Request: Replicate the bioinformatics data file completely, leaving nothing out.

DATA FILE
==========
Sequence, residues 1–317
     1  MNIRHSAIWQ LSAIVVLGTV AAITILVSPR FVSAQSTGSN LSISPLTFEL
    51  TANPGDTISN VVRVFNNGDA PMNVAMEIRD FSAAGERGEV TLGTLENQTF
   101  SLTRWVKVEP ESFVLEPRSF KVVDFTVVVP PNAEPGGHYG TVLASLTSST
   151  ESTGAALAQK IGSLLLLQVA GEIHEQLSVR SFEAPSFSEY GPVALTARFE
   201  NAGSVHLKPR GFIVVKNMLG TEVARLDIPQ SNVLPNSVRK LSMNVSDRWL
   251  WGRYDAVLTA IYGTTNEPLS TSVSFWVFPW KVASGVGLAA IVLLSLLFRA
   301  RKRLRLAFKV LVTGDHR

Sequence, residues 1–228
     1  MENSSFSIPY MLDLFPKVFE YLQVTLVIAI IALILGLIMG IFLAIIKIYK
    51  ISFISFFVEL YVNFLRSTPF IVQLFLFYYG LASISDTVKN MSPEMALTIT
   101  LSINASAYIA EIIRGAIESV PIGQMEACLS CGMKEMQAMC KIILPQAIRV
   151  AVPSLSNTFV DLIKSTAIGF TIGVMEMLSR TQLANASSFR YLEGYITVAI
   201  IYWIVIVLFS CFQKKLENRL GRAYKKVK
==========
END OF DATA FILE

Sequence, residues 1–317
     1  MNIRHSAIWQ LSAIVVLGTV AAITILVSPR FVSAQSTGSN LSISPLTFEL
    51  TANPGDTISN VVRVFNNGDA PMNVAMEIRD FSAAGERGEV TLGTLENQTF
   101  SLTRWVKVEP ESFVLEPRSF KVVDFTVVVP PNAEPGGHYG TVLASLTSST
   151  ESTGAALAQK IGSLLLLQVA GEIHEQLSVR SFEAPSFSEY GPVALTARFE
   201  NAGSVHLKPR GFIVVKNMLG TEVARLDIPQ SNVLPNSVRK LSMNVSDRWL
   251  WGRYDAVLTA IYGTTNEPLS TSVSFWVFPW KVASGVGLAA IVLLSLLFRA
   301  RKRLRLAFKV LVTGDHR

Sequence, residues 1–228
     1  MENSSFSIPY MLDLFPKVFE YLQVTLVIAI IALILGLIMG IFLAIIKIYK
    51  ISFISFFVEL YVNFLRSTPF IVQLFLFYYG LASISDTVKN MSPEMALTIT
   101  LSINASAYIA EIIRGAIESV PIGQMEACLS CGMKEMQAMC KIILPQAIRV
   151  AVPSLSNTFV DLIKSTAIGF TIGVMEMLSR TQLANASSFR YLEGYITVAI
   201  IYWIVIVLFS CFQKKLENRL GRAYKKVK